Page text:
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I care about schizophrenia, and I care about mental health, but I also care about racism, equality, feminism, healthcare, the homeless, and many other issues. I think mostly I care about people.

This article from The New Yorker showed up on my Facebook feed yesterday.

I saw after reading the article that it was published in 2013, but if young gay men are still having sex without condoms, (and people using dirty needles for drugs) I’d like them to read this.

In the article the author says 1983 was terrible. In my life, it was the early 90’s. It seemed like every week another person from my brother’s circle of friends tested positive for HIV. Because of the stigma of AIDS, there were suicides.

My brother’s partner started to get confused. He started acting strange at work. Someone from his place of employment called my brother. Later, we found out it was a tumor in his brain. My brother quit his job to give round-the-clock care. There were hallucinations. There was delirium. There were moments of recognition and moments of complete incomprehension. There were visions. There were purple lesions on his skin. There was weight loss. There were sunken eyes. Eventually, there was wasting so far away that death came.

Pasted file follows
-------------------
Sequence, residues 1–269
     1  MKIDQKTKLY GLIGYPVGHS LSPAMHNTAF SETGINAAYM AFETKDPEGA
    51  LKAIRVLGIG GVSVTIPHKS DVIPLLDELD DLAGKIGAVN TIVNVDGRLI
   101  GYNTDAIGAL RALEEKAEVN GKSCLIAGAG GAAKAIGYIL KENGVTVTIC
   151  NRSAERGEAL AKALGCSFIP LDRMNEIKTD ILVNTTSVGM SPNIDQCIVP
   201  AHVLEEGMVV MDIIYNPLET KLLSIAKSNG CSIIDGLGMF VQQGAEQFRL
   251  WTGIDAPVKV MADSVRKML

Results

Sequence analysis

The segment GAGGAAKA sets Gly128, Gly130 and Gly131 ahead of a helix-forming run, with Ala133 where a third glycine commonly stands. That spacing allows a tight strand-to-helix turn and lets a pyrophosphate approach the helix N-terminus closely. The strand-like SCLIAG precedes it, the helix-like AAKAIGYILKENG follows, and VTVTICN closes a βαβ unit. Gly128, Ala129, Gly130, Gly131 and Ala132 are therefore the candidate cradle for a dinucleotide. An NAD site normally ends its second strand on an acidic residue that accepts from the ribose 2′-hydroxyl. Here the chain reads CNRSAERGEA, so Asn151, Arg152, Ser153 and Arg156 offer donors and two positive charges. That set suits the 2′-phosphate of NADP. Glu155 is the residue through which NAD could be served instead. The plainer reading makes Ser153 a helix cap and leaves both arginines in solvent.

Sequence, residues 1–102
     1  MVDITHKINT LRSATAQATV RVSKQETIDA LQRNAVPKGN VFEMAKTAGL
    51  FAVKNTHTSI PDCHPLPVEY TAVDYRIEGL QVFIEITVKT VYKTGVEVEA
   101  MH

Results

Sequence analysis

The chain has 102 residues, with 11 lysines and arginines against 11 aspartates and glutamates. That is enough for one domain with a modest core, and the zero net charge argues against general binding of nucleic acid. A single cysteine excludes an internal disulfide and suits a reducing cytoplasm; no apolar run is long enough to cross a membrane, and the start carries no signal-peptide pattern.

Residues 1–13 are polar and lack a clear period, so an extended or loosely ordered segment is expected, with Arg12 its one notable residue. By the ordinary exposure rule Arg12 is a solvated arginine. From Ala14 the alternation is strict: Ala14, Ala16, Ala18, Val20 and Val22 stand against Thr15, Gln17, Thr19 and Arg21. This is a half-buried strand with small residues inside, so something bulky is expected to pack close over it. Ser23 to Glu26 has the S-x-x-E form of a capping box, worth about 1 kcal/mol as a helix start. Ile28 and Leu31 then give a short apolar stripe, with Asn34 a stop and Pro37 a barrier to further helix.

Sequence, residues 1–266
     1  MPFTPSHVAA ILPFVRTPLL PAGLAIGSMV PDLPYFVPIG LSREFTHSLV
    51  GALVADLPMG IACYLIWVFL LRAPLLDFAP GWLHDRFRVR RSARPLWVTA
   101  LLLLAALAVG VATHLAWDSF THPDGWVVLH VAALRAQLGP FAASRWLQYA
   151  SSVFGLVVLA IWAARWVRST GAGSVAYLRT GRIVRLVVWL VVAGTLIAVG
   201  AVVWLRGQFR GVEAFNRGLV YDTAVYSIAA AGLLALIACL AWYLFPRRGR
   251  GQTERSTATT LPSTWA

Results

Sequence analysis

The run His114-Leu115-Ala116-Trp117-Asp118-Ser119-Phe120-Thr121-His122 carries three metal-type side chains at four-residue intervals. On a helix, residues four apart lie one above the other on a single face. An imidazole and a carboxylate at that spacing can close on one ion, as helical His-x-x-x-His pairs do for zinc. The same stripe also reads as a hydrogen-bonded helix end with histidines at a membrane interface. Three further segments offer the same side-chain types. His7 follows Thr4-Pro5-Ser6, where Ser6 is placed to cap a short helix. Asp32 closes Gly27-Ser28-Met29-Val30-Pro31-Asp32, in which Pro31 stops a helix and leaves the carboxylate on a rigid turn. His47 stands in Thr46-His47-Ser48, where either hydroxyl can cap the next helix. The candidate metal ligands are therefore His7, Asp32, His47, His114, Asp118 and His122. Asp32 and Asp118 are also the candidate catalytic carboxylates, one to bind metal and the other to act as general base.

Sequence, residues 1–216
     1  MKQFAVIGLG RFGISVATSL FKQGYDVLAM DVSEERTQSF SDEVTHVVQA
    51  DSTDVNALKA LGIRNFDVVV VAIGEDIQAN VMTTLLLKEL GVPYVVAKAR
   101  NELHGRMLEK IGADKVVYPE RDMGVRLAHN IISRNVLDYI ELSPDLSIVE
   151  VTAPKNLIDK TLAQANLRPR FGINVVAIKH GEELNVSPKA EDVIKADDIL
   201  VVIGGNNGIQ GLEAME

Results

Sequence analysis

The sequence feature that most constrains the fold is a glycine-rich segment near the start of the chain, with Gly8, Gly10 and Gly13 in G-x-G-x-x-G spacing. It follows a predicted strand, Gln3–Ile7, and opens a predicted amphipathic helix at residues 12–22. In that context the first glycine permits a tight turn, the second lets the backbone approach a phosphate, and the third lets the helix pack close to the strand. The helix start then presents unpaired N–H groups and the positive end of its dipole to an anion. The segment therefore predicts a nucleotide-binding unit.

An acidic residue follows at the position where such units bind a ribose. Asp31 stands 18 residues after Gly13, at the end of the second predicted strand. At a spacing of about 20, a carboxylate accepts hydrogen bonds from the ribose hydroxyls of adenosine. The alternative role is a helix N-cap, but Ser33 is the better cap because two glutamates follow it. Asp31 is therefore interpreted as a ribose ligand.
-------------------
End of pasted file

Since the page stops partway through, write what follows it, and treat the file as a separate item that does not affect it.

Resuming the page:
Not just to our world, but to the community around us. The same hideous drama was playing out all over Seattle, San Francisco, New York.

It was a dark and desperate and terrible time. I don’t want young people to experience what those of us who are older know – AIDS can be like a plague and can kill friends, family, coworkers, and lovers.

In those days grief was a constant state – one loss being packed upon the next.

Having to experience those dark days can be avoided by condoms and clean needles. I urge you to take care of this, because there are people who care about you.